Number Four: Britney Spears

The dress she wore for her ceremony to Kevin Federline wasn't all that bad. Her reception dress, however, was shocking. Can one even call that a dress? I want to put some pants on her! And, what's with the bra strap hanging out the sleeve? A few years after the divorce was finalized, Britney was spotted in an airport wearing the exact same dress, which is absolutely bizarre.

Number Three: Celine Dion

Now this one is over- the- top. It took 1,000 hours to complete the Mirella and Steve Gentile silk creation. Her train was twenty feet long, imagine carrying that around! She donned a 7-pound Swavorski crystal tiara that had to be sewn in to her head. That's right, sewn. The level of pain she must have experienced is astounding, especially considering she resembled an alien.

Number Two: Pamela Anderson

I always say, there is nothing as tacky as a drunk bride. I stand corrected. There is nothing as tacky as a drunk bride in a barely-there bikini. The Baywatch babe married rocker Kid Rock on a yacht in Saint Tropez and made headlines for her itty- bitty wedding attire.

Number One: Katie Price

Katie Price, also known as Jordan, is a British "celebrity." She was determined to have the longest wedding dress on record, so she ensured her pink tulle and satin monstrosity was 2,700 feet long. Everything about this look is bad, from the pink tiara, to the revealing top. Bless her heart, this poor dear just looks TACKY!

Tuesday, October 5, 2010

My top 10 celebrity wedding gowns

Throughout the years, countless celebrities have wowed us with their show-stopping gowns. These ten are, to me, the most timeless of them all.

Number Ten: Christina Aguilera

She married Jordan Bratman in November 19, 2005 in Napa Valley. Her elaborate, Christian LaCroix gown was made of organza and silk. I adore the Spanish flair of her ruffled train, and the vintage, beaded rosary she carried in lieu of a bouquet. Check out her pretty mantilla veil!

Number nine: Katherine Heigl

Just two days before Christmas 2008 the Grey's Anatomy star wed singer Josh Kelley in a knock out Oscar de la Renta silk faille dress. Everything about her look was vintage, from the ruffled collar to her birdcage veil, she brought back the romance of ages past. I love the silhouette on her curvy figure.
Number Eight : Tori Spelling
Her wedding took place on the grounds of her father, Aaron Spelling's estate. The bride wore a custom Bagdley Mischka gown, Tori worked closely with the designers to get exactly what she wanted. She drew much of her inspiration from 1920 flapper fashions, and carried the "Great Gatsby" theme through the reception. Her marriage to Charlie Shanian may not have lasted forever, but that stunning dress will certainly not be forgotten.

Number Seven: Audrey Hepburn

This Balmain dress was classic Audrey. No wonder a lifelong style icon chose such a infinitely stylish, tea-length dress for her wedding to Mel Ferrer in 1954. She was cute as could be, I love the fresh flowers in her pixie length hair.

Number Six: Caroline Bessette- Kennedy

That look of pure joy on Caroline Bessette and John F. Kennedy Jr. running out of a historic Baptist church in Georgia is one I will never forget. Sometimes less is more, which absolutely rang true with her Narcisco Rodriguez simple sheath. Nothing about her look was overdone, the low chignon and red lipstick were the perfect combination for a quiet, secret wedding.

Number Five: Kate Walsh

I think the Grey's Anatomy star's one-of-a-kind Monique Lhuillier wedding dress is probably the most underrated celebrity dress. Years before Ivanka Trump brought lace sleeves back in style, Kate dared to be differen when she wed Alex Young on September 1, 2007 in an Ojai, California Presbyterian church. Just look at that exquisite alençon lace over pale gold satin!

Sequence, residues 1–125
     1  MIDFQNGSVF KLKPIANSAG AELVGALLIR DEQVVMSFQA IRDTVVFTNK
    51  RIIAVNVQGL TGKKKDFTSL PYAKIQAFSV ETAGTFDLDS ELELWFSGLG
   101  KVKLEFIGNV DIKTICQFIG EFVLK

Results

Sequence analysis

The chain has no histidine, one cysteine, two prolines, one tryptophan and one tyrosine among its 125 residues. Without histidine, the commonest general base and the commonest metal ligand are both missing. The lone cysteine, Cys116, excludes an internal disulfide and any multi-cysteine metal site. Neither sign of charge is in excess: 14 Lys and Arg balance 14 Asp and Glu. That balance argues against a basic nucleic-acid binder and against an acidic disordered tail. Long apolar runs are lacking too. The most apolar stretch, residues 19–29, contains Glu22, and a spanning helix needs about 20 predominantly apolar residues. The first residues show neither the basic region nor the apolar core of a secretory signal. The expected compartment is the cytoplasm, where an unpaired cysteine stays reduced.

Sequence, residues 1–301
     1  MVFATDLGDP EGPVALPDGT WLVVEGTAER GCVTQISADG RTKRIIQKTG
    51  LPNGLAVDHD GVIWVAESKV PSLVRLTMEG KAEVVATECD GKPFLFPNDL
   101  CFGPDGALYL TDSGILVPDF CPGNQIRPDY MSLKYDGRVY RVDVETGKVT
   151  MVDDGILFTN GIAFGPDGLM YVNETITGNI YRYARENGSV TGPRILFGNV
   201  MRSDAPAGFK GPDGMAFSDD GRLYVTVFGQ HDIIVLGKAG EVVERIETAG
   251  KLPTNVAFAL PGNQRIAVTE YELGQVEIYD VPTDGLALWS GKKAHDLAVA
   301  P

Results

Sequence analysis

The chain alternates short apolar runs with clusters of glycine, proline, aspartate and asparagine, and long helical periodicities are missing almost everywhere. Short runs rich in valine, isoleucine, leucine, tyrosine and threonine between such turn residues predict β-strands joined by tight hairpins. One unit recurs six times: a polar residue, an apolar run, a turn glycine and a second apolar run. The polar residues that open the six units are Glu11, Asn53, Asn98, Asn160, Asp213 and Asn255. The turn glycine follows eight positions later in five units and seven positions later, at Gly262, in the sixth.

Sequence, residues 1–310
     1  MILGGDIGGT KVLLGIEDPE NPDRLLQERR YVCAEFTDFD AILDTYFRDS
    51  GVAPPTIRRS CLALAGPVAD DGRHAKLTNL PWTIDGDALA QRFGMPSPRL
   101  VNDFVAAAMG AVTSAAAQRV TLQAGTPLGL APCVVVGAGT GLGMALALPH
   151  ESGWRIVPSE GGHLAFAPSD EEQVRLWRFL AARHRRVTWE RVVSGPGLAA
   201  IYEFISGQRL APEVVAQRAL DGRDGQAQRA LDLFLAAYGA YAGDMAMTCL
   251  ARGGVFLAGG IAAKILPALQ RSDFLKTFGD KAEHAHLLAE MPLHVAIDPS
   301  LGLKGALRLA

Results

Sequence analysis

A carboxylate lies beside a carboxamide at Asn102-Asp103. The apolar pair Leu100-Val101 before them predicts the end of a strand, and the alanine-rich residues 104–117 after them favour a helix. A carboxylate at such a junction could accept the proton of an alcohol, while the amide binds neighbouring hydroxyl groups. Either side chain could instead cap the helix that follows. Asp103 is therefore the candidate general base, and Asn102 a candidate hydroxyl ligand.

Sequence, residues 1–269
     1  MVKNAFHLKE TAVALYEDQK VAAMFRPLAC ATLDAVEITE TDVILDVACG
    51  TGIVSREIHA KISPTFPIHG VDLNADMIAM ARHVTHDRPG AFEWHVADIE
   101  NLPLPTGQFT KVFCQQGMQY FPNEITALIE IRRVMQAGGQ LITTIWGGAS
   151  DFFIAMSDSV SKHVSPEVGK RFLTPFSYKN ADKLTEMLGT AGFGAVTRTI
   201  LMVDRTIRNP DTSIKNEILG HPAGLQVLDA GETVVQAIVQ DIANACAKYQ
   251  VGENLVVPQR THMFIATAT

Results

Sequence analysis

Number Four: Courteney Cox- Arquette

When "Monica" from Friends married the wacky David Arquette in June of 1999, the last thing I expected her to wear was a slinky, silk-crepe gown by Valentino. I love that she accessorized with a dotted swiss veil attached to a silk flowered comb, it was the icing on the cake to a brilliant ensemble. Though, I think she looked incredible, Ican't say that I'm too fond of what David wore.

Number Three: Jacqueline Bouvier Kennedy

One of our nation's most iconic First Lady's had hands down one of the most drop-dead gorgeous dresses of all time. A true style idol, she did not disappoint when it came to her wedding day on September 12, 1953. Over 700 guests witnessed her walk down the aisle in an Ann Lowe creation dupioni silk ballgown. Oddly enough, the dress is not what she had envisioned, but her future father-in-law wanted her in a traditional gown, so she acquiesced. The dress is now on display at the Kennedy Library in Boston, it's something I would be thrilled to see in person.

Number Two: Jenna Bush

The White House wild child grew up to be a stunning bride, she knocked my socks off with her Oscar de la Renta embroidered organza dress. The chic silhouette was just right with her rustic nuptials at the family ranch in Crawford, Texas. She achieved what many brides of today yearn to do, remain modern and classic all at once.

Number One: Grace Kelly

No surprise here! Her life was that of a fairy tale. Cinema star falls in love with the Prince of Monaco and becomes a princess. Three dozen seamstresses worked on Grace's gown for six weeks. It was designed by Academy Award-winning costume designer Helen Rose, and worn during the religious ceremony April 19, 1956. They had a civil ceremony the day before, where she donned a light pink taffeta dress with white kid gloves.  Her more famous dress was made of one- hundred yards of silk tulle, twenty-five yards of taffeta, and 125 year-old lace. Though many may try to mimic this gown's perfection, few have come close. Grace Kelly's dress has stood the test of time, and will always be unforgettable.

Who would be in your top ten? Comments are always welcome. Stay tuned, dear readers, next week I'll give you my ten least favorite celebrity wedding gowns.